Adequate travel provisions and payments for ‘no shows’ and other indirect activities of recovery work (phone calls, follow up, etc) are not incorporated into the price cap, and will be a barrier to providing effective support for people with psychosocial disability, particularly those with complex needs.
Providing effective services to people who experience mental illness has traditionally incorporated a range of supplementary activities that support the quality of the worker and the service system. These include training, professional development and supervision of staff; interagency collaboration to develop effective system wide responses; development of innovative approaches; and secondary consultation. It is unclear how these activities will be supported under an individualised pricing model.
ii. Thin Markets
Some of the most disadvantaged consumers – people with complex mental health issues who also experience homelessness, Aboriginal and Torres Strait Islanders, people from CALD backgrounds or those involved with the criminal justice system – require a more intensive level of support. cohealth is concerned that the additional costs associated with providing the appropriate level of support to these consumers may be prohibitive for services to provide, resulting in a lack of supply of services.
There are a number of reasons for the additional costs involved in providing effective psychosocial supports to this group, including:
iii. Other impacts:
There is a risk that smaller, specialised services responding to particular consumer groups may be lost if unable to be sustainable within the new structure, impacting on the level of choice for consumers. Likewise, consumer involvement in all areas of service provision is fundamental in ensuring that services and programs remain responsive and appropriate to the needs of the community. It is unclear how NDIS structures, with the focus on individual service delivery, will enable services to maintain this involvement.
cohealth’s experience to date has illustrated that consumers with mental health issues need support to understand and interact with the NDIS, and receive the full benefits available. A number of concerns have been described in relation to ‘Planning Processes’ (above).
Our experience has also demonstrated the critical role of outreach support services in engaging consumers with the NDIS. Consumers without supports involved have reported being confused and concerned when contacted by the NDIS (at times, to the point of declining involvement). With a framework based on individual choice and control, consumers who don’t have knowledge of the NDIS, the ability to advocate for themselves or connections with support services (eg people who are homeless or socially isolated) may miss out on the benefits of the NDIS. It is critical that existing services and supports continue to be funded to ensure supports are provided to the most vulnerable groups.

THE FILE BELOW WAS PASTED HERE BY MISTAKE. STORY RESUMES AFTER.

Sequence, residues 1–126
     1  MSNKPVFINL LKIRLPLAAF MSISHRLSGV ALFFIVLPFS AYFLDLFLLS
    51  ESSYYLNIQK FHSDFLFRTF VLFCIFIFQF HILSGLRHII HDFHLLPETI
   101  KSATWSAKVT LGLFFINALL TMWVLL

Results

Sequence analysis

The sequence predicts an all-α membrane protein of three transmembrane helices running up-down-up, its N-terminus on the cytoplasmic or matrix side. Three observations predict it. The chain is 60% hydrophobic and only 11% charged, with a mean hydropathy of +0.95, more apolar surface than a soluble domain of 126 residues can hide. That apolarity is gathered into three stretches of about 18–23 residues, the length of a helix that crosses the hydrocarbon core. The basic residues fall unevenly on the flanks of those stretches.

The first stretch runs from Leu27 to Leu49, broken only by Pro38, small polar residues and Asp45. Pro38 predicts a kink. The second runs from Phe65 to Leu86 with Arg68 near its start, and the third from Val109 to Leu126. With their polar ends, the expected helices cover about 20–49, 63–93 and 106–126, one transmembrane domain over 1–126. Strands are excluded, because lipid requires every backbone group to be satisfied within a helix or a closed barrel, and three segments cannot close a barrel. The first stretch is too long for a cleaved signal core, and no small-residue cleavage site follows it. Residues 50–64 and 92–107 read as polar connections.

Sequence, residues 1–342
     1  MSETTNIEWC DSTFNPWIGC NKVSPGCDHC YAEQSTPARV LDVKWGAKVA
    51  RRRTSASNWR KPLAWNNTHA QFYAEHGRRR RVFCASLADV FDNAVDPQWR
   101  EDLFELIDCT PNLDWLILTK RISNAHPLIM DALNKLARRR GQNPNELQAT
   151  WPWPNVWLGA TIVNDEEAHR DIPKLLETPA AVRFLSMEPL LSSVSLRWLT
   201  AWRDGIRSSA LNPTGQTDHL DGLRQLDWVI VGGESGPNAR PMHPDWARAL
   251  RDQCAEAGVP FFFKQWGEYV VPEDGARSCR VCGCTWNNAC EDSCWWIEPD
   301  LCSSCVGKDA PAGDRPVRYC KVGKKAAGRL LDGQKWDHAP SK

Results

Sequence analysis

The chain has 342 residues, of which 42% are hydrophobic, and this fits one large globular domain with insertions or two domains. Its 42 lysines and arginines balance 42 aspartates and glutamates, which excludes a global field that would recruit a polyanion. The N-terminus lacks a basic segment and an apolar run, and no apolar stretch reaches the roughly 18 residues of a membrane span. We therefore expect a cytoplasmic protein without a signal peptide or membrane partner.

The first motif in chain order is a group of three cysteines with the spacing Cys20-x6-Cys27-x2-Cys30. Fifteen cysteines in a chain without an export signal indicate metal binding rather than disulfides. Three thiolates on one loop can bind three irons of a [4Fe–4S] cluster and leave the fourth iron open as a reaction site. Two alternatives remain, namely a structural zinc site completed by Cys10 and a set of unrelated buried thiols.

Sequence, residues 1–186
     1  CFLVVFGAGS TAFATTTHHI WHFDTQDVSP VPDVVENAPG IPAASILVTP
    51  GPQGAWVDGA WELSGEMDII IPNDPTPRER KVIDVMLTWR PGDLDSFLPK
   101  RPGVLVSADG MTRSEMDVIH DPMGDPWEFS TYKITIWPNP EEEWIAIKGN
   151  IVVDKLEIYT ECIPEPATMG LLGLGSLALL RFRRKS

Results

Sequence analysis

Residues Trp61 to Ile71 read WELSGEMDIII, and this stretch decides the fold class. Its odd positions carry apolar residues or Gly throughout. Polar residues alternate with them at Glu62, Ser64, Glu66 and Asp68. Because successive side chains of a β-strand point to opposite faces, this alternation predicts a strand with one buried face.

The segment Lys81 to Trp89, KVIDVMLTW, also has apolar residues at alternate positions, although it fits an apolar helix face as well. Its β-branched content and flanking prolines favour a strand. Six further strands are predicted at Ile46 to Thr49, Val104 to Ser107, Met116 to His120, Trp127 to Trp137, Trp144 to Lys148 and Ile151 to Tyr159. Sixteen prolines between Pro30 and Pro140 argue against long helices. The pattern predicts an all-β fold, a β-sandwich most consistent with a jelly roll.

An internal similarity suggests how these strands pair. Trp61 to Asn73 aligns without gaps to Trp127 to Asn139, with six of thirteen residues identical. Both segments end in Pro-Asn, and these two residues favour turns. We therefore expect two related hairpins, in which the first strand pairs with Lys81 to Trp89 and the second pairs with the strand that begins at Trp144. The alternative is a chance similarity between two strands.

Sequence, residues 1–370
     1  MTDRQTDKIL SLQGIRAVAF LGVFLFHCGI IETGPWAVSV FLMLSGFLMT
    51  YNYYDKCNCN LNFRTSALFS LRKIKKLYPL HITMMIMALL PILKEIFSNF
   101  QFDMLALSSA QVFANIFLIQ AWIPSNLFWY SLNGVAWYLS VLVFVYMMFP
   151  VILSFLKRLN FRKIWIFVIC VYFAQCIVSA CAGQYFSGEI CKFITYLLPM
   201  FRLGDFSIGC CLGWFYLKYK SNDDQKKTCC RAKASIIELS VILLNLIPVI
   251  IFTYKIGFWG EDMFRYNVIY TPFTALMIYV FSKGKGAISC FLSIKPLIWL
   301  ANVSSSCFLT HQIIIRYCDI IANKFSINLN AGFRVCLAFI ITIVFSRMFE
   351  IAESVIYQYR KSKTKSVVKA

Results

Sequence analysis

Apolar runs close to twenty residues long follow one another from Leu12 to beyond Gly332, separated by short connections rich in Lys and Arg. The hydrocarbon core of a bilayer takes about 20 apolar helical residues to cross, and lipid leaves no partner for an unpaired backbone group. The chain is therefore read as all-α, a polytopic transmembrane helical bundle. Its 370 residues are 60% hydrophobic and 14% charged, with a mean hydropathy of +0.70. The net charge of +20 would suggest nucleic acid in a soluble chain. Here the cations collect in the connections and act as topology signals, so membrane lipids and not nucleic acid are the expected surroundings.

However, with funding for mental health outreach services in Victoria being rolled into the NDIS, the ability of services to continue this role is uncertain. It is also anticipated that the capacity for outreach will be significantly diminished due to the NDIS pricing structure. The most marginalised and vulnerable groups (eg homeless, CALD communities, young people, Aboriginal and Torres Strait Islanders), and those who are particularly unwell, often need assertive and active outreach to engage. This may require multiple visits to consumers, two workers for safety, the flexibility to respond to consumers outside planned appointments, and skilled, specialised workers. The additional resources required for this work are not currently available under NDIS, limiting the ability to identify and engage potential NDIS participants. We anticipate the repercussions will include pressure on the acute health and mental health systems, clinical services and the forensic system.
 Mental Health Australia 2016 http://www.vicserv.org.au/images/Joint_letter_regarding_PC_Review_of_the_NDIS_Mental_Health_Australia_and.pdf accessed 16/2/2017
 Psychiatric Disability Services of Victoria
 VICSERV (2016) State Budget Submission 2017-18
 For example, the VICSERV State Budget Submission 2017-18 recommends investing $50m pa, for the three years of NDIS implementation, in community based rehabilitation to address gaps and local needs: http://vicserv.org.au/images/documents/Submission_and_Documents/VICSERV_State_Budget_Submission_2017-18.pdf
 VICSERV (2016) State Budget Submission 2017-18
 Mavromaras, K, Moskos, M, Mahuteau, S (2016) Evaluation of the NDIS Intermediate Report, National Institute of Labour Studies, Flinders University p 53
 Ibid pxi